- I will say, however, that it's interesting that the pundits are jumping on the Oklahoma bandwagon now. And the logic they're using to advocate for the Sooners having a chance to play for the national title (assuming they win the Big 12 Championship Game) is the same logic they rejected when Georgia was in line to move up to No. 2 in the BCS standings last year. Namely that the Bulldogs had to be disqualified because of a loss to Tennessee who then was beaten by LSU ... regardless of the fact that Georgia had run the table in convincing fashion while the Tigers had dropped two games in the final month.

- The Top 10 teams in the country as I see it (in order) ... Florida, Oklahoma, Alabama, Texas, Southern California, Penn State, Utah, Georgia, Ohio State and Texas Tech. And yes I have Georgia that high seeing how their only two losses have come to a pair of teams ranked No. 1 and No. 3 in the nation.

- Following up the revisionist history model, let's say Texas or Oklahoma make it to the Big 12 Championships Game but lose to Missouri. Odds are that everyone at ESPN would leap at the opportunity to annoint either the non-represented team or Southern California, despite the fact that neither of those teams will have won their conference title. It's interesting, isn't it?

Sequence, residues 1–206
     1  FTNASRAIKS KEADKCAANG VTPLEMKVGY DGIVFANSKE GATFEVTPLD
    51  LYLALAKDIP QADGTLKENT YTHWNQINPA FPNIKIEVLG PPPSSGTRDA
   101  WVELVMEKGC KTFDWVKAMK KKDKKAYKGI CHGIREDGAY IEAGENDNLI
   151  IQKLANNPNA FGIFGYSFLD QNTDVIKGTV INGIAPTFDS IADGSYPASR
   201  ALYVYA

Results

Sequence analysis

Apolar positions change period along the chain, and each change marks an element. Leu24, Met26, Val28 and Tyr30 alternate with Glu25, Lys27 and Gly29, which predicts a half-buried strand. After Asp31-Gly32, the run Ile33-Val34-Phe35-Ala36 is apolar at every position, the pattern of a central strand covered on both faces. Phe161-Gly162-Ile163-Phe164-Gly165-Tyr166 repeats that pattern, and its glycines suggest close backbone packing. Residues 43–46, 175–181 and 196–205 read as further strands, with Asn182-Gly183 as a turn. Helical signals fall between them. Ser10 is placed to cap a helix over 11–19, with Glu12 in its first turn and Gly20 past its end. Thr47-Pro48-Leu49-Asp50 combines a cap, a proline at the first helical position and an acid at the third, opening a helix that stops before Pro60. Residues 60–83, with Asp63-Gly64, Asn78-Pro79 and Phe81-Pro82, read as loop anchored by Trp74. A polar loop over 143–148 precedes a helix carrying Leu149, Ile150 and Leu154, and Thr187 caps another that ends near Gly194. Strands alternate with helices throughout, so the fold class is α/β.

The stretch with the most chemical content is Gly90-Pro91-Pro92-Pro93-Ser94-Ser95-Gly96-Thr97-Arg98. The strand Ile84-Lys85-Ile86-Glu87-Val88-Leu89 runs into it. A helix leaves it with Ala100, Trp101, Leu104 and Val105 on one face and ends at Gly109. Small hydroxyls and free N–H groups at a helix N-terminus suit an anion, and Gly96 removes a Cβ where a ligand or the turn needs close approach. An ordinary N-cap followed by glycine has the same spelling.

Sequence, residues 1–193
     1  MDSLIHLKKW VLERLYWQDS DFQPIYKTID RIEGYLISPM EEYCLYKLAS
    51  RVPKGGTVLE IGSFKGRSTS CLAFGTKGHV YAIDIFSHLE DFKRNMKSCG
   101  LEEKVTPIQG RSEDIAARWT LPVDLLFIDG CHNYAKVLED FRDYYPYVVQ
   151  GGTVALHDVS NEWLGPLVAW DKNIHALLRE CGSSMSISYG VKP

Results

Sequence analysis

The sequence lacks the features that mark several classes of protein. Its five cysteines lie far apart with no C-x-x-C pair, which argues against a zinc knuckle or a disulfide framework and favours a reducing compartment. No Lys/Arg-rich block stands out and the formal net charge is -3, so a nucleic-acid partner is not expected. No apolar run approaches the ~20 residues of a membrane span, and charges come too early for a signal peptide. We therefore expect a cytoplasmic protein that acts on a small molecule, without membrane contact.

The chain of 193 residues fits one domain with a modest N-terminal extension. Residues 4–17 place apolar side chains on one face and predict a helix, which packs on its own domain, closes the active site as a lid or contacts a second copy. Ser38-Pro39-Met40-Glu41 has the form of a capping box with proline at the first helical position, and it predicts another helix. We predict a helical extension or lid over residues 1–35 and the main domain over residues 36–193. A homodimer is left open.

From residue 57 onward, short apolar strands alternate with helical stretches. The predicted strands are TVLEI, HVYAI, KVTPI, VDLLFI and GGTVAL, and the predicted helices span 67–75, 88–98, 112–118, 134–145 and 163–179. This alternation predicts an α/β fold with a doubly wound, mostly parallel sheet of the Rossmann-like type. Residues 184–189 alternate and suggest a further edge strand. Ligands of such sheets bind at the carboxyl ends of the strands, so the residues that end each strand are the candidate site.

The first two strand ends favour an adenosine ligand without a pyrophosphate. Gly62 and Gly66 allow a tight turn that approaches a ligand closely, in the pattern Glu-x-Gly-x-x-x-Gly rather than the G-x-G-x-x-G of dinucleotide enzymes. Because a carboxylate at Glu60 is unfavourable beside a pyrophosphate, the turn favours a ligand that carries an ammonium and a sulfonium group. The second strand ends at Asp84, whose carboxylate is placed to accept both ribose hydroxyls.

- The Heisman Trophy? Well, Percy Harvin and Michael Crabtree are the best players in college football, but it'll probably go to a quarterback. I'd give the nod to Sam Bradford right now. He's a machine. I'd refrain from giving Tim Tebow another one. The Gators have plenty of other weapons this year, and his statistics are substantially 'worse' than last year (though, given last year's numbers, that's hardly an indication of a bad season).

Friday, November 21, 2008

IT outsourcing

Georgia is planning on outsourcing its IT operations to private firms with Gov. Sonny Perdue estimating that such a move will save taxpayers $180 million or more over their lifetimes (which, in all honesty, is actually a relatively insignificant amount of savings when stretched out over 40-plus years and compared to the size of existing state budgets). Not that I'm not all for encouraging efficiency in government and finding ways to get more bang for our buck, but I do think this is an odd move.

For starters, the savings is miniscule, but there's also a cost to recognized.

Buried at the bottom of the story is the observation that 92 state employees will be laid off and the remaining jobs transferred to the private firms. These reductions are where most of the savings will be realized, and that's something not to be so easily glossed over. Because, in addition to these layoffs, presumably those transferred employees will personally see higher costs of health care coverage and no longer will have access to the fiscally secure state-managed retirement plans.

Again, those are arguably areas of financial savings for the state, but added burden for those workers.

Obama's in the game

Barack Obama cut a radio ad for Jim Martin, which should hopefully boost turnout for the Democratic base.